PGnome - Diagnostic is ideal for individuals with:

  • Seriously ill patients with an urgent need for genetic diagnosis

TURN AROUND TIME (TAT)

Nearly all Rapid PGnome tests have a TAT of 9 calendar days or less to preliminary or final report.

We recommend that providers choose expedited shipping to decrease the time samples spend in transit to PreventionGenetics.

Inclusion of detailed clinical notes/completion of the clinical data checklist and a pedigree are required. The ability to select variants that may be involved with the patient’s health problem directly correlates with the quality of clinical information provided.

ORDERING / SPECIMENS

Our Rapid PGnome offers the traditional options of Patient Only testing or Family testing (e.g., Duo, Trio, etc.). For the highest diagnostic yield, Family - Trio testing is recommended.

Specimen Requirements and Shipping Details

Note that saliva and buccal specimens are not accepted for WGS. DNA from saliva invariably includes microbial and food DNA which interfere with WGS.

 

TEST METHODS

PGnome uses Illumina short-read next generation sequencing (NGS) technologies. As required, genomic DNA is extracted from patient specimens. Patient DNA is sheared, adaptors are ligated to the fragment ends, and the fragments are sequenced on the NovaSeq 6000 using 2x150 bp paired-end reads. The following quality control metrics are generally achieved: >98% of targeted bases are covered at >15x, >96% of targeted bases are covered at >20x.  The minimum acceptable average read depth is 35x. Data analysis and interpretation is performed by the internally developed Infinity pipeline. Variant calls are made by the GATK Haplotype caller and annotated using in house software and Jannovar.  All reported variants are confirmed by a second method (usually Sanger sequencing).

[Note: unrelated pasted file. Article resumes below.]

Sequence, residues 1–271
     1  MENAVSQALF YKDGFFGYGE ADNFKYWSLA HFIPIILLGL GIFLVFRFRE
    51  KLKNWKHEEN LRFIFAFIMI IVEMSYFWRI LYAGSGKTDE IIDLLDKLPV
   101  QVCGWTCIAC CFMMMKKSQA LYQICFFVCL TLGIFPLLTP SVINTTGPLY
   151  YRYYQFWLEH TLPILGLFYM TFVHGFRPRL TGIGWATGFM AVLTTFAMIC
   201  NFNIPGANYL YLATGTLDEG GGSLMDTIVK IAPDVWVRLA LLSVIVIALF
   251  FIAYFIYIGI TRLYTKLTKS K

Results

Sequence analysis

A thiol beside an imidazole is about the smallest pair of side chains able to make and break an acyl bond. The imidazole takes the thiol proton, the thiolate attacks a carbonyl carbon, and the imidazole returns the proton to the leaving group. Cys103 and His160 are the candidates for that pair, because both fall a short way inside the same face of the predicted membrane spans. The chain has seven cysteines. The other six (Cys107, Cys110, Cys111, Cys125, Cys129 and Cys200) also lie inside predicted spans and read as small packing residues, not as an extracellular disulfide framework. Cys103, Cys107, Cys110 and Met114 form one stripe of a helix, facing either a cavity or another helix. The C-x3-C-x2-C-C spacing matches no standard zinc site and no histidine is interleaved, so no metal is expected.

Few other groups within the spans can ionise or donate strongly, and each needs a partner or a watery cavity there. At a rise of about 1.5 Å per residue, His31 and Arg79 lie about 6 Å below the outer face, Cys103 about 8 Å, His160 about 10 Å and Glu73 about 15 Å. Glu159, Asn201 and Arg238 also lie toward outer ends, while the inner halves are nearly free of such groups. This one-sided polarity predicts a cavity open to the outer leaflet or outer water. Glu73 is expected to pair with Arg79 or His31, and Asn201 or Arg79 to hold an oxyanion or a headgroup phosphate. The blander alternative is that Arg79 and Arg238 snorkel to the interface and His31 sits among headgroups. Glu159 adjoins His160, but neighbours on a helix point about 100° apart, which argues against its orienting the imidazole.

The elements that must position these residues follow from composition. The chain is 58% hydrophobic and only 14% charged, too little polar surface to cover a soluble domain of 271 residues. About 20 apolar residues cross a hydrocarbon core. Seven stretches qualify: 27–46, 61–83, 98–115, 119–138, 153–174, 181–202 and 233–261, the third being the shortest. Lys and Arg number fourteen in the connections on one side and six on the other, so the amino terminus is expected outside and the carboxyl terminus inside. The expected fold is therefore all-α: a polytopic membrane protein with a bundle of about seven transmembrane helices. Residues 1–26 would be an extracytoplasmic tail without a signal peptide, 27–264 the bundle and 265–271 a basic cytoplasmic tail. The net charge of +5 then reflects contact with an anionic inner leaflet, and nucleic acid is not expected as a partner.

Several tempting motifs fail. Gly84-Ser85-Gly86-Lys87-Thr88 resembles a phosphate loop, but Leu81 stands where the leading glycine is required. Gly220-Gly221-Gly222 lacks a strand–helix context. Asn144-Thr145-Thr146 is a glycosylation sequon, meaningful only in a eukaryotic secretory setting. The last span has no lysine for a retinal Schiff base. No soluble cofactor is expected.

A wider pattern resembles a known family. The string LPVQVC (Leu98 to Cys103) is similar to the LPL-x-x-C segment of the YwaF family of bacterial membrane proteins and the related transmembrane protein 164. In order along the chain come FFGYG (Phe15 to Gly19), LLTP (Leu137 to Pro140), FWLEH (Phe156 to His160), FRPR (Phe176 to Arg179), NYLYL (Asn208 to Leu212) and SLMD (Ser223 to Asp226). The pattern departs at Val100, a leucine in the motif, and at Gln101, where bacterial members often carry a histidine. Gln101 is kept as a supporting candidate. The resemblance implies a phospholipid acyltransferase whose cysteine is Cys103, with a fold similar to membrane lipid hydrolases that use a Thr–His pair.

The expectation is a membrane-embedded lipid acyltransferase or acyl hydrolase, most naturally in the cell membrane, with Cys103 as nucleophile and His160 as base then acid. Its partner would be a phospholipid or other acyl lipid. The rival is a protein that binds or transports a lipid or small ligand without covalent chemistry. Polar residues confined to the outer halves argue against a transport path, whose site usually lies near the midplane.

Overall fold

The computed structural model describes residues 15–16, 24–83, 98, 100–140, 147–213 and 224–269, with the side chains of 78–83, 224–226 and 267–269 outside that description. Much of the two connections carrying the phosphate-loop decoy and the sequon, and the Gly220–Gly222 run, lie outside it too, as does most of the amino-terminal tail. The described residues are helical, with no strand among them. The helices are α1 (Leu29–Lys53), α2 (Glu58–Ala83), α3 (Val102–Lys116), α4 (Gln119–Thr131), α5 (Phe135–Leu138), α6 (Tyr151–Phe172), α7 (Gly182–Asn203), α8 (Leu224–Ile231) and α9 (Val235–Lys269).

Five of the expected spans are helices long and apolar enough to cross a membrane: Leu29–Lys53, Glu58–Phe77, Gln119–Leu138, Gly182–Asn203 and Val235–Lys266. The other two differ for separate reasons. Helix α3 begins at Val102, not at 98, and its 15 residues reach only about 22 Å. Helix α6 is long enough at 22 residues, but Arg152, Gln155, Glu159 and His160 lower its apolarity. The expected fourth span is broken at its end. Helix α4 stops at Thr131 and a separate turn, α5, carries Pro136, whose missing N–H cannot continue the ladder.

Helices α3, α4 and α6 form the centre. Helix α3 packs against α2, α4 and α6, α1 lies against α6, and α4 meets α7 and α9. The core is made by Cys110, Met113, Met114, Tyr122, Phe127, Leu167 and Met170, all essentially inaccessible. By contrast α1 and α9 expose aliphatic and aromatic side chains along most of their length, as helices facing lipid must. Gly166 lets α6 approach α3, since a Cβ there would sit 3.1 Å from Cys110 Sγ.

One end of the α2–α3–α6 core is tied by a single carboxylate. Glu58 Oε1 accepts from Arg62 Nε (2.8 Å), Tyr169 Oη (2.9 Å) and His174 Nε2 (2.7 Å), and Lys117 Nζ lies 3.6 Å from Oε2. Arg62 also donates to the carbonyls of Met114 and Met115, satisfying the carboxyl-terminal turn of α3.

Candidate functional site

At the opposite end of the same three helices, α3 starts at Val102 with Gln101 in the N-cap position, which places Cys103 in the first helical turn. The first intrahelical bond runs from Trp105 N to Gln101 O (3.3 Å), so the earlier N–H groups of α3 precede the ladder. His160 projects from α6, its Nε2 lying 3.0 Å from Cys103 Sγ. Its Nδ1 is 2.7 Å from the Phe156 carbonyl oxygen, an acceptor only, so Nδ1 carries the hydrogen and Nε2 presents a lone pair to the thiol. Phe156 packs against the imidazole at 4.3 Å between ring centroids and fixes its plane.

Structural variants (SVs) are also detected from NGS data. The three SV calling algorithms that we employ (Lumpy, CNVnator, and Manta) utilize read depth, SNP information, split reads, and reads which map to two different sites in the genome to detect deletions, duplications, insertions and inversions. Our overall sensitivity for deletions, duplications, and inversions is 96%. Sensitivity for detection of insertions (as opposed to duplications) is currently low (~20%). At this time, we are not reporting translocations.  Our ability to detect SVs due to somatic mosaicism is limited.

Human Genome Variation Society (HGVS) recommendations are used to describe sequence variants (http://www.hgvs.org). All differences from the reference sequences are assigned to one of five interpretation categories (Pathogenic, Likely Pathogenic, Variant of Uncertain Significance, Likely Benign and Benign) per ACMG Guidelines (Richards et al. 2015. PubMed ID: 25741868).

REPORTING

Only primary findings will be reported for Rapid PGnome. Reports will consist of up to two sections:

  • Variants in genes known to be associated with phenotype
  • Variants in genes possibly associated with phenotype

A preliminary report prior to confirmation may be issued in cases with a clear positive finding.

Secondary findings are not reported.

Benign and likely benign variants are not reported.

Raw sequence data will be provided to the ordering physician upon request.

Nomenclature for sequence variants comes from Human Genome Variation Society (HGVS) (http://www.hgvs.org).

LIMITATIONS AND OTHER TEST NOTES

Interpretation of the test results is limited by the information that is currently available. Better interpretation will be possible in the future as more data and knowledge about human genetics and this specific disorder are accumulated.